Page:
In a classic 1978 Memory & Cognition article, Geoff Loftus explained why noncrossover interactions are removable. These removable interactions are tied to the scale of measurement for the dependent variable and therefore do not allow unambiguous conclusions about latent psychological processes. In the present article, we present concrete examples of how this insight helps prevent experimental psychologists from drawing incorrect conclusions about the effects of forgetting and aging. In addition, we extend the Loftus classification scheme for interactions to include those on the cusp between removable and nonremovable. Finally, we use various methods (i. e., a study of citation histories, a questionnaire for psychology students and faculty members, an analysis of statistical textbooks, and a review of articles published in the 2008 issue of Psychology andAging) to show that experimental psychologists have remained generally unaware of the concept of removable interactions. We conclude that there is more to interactions in a 2 × 2 design than meets the eye.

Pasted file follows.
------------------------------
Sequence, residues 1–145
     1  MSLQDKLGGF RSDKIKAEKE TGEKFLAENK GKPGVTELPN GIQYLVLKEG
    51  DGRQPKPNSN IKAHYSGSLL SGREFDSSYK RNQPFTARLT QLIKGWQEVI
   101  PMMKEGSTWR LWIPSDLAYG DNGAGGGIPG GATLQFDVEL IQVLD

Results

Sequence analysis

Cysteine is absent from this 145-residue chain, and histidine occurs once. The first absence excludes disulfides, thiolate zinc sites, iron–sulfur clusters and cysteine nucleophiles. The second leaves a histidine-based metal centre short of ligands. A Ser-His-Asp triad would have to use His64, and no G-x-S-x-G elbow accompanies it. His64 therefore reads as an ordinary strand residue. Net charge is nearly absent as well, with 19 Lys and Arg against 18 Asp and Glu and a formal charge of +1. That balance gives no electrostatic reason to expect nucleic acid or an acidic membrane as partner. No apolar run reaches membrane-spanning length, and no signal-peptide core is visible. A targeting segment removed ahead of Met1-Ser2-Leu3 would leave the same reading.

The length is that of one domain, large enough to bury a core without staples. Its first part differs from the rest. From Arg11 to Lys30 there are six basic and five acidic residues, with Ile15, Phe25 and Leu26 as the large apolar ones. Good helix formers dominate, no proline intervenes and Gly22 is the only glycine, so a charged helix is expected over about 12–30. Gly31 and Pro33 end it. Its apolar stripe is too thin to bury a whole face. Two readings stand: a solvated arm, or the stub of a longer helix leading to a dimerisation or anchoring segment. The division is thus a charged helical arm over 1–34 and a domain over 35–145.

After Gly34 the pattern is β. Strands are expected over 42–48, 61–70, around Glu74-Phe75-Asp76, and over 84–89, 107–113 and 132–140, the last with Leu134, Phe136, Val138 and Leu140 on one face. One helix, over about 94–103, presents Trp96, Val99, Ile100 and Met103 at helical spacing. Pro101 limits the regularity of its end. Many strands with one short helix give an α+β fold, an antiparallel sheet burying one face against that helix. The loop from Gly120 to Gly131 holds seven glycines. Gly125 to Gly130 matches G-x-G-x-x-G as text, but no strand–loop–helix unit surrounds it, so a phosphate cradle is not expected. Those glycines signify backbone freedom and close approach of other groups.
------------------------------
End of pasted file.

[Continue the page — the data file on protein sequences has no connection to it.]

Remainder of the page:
- Literature review
- Measurement scale
- Statistics in psychology
ASJC Scopus subject areas
- Neuropsychology and Physiological Psychology
- Experimental and Cognitive Psychology
- Arts and Humanities (miscellaneous)